Event-related potentials to repeated speech in 9-month-old infants at risk for autism spectrum disorder
Nelson, Charles A.
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Citation (published version)Anne Seery, Helen Tager-Flusberg, Charles A Nelson. 2014. "Event-related potentials to repeated speech in 9-month-old infants at risk for autism spectrum disorder." JOURNAL OF NEURODEVELOPMENTAL DISORDERS, Volume 6, 12 pp. https://doi.org/10.1186/1866-1955-6-43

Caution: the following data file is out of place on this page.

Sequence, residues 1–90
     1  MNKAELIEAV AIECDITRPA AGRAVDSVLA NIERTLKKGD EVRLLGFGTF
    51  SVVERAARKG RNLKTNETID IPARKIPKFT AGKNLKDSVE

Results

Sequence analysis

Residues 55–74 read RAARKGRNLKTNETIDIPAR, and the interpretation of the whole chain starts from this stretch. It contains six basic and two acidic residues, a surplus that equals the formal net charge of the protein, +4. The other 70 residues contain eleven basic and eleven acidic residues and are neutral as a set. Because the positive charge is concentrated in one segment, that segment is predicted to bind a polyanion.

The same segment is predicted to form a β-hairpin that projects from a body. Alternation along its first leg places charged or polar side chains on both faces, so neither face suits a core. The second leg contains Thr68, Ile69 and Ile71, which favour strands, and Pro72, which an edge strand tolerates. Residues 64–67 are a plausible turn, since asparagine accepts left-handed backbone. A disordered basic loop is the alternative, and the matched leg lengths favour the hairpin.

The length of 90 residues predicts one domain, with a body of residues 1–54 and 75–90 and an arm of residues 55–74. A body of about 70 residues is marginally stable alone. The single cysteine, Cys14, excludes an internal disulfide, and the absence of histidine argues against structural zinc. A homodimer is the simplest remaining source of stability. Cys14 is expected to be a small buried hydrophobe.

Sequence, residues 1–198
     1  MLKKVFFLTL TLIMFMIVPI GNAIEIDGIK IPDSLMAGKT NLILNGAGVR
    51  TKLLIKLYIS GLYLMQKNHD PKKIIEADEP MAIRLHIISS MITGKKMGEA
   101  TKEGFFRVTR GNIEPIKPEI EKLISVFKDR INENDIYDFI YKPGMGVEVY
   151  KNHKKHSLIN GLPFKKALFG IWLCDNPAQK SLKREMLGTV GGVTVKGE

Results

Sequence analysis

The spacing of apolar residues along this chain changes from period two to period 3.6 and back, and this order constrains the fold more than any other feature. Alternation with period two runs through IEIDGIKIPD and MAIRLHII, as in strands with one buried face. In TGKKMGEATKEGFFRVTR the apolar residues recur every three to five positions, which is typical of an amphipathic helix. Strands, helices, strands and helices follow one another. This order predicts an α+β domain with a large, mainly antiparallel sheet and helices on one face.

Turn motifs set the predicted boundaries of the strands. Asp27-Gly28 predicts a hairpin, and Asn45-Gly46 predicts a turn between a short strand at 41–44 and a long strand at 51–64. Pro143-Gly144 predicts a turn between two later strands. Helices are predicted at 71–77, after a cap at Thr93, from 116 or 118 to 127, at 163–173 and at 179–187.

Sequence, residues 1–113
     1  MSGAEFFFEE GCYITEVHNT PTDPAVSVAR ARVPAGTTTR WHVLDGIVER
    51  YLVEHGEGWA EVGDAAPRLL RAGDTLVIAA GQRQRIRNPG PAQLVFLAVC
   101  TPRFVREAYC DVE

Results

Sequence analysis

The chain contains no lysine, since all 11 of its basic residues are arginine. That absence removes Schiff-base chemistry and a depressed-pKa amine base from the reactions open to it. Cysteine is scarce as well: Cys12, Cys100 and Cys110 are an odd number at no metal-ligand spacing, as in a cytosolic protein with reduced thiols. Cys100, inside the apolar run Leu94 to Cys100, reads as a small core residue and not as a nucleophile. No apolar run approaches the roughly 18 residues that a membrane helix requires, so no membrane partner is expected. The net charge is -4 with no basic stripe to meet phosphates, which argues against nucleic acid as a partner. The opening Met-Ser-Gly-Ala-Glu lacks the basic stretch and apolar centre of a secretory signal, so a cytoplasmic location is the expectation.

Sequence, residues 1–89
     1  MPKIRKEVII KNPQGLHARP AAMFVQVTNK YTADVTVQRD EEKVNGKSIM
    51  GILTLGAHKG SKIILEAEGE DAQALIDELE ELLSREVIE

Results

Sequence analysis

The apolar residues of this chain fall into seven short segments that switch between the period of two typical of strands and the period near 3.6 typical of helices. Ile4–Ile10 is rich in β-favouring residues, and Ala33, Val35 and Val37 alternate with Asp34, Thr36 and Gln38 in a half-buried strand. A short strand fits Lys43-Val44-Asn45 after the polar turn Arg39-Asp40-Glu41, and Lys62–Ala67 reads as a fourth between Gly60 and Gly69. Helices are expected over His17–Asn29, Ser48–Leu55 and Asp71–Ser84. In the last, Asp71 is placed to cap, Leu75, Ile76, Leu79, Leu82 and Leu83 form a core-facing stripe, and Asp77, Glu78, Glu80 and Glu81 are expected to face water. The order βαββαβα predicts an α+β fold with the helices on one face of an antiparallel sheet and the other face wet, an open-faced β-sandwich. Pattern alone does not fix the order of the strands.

BACKGROUND: Atypical neural responses to repeated auditory and linguistic stimuli have been reported both in individuals with autism spectrum disorder (ASD) and their first-degree relatives. Recent work suggests that the younger siblings of children with ASD have atypical event-related potentials (ERPs) to repeated tones at 9 months of age; however, the functional significance is unclear, and it is unknown whether this atypicality is also present in response to linguistic stimuli. METHODS: We analyzed ERPs to repetitive and deviant consonant-vowel stimuli at 9 months in 35 unaffected high-risk-for-autism (HRA) infant siblings of children with ASD and 45 low-risk control (LRC) infants. We examined a positive component, the P150, over frontal and central electrode sites and investigated the relationships between this component and later behavior. RESULTS: Over frontal electrodes, HRA infants had larger-amplitude ERPs to repetitions of the standard than LRC infants, whereas ERPs to the deviant did not differ between HRA and LRC infants. Furthermore, for HRA infants, the amplitude of ERPs to the standards was positively correlated with later language ability. CONCLUSIONS: Our work suggests that atypical ERPs to repeated speech during infancy are a possible endophenotype of ASD but that this atypicality is associated with beneficial, rather than disordered, language development. Potential mechanisms driving these relationships and implications for development are discussed.
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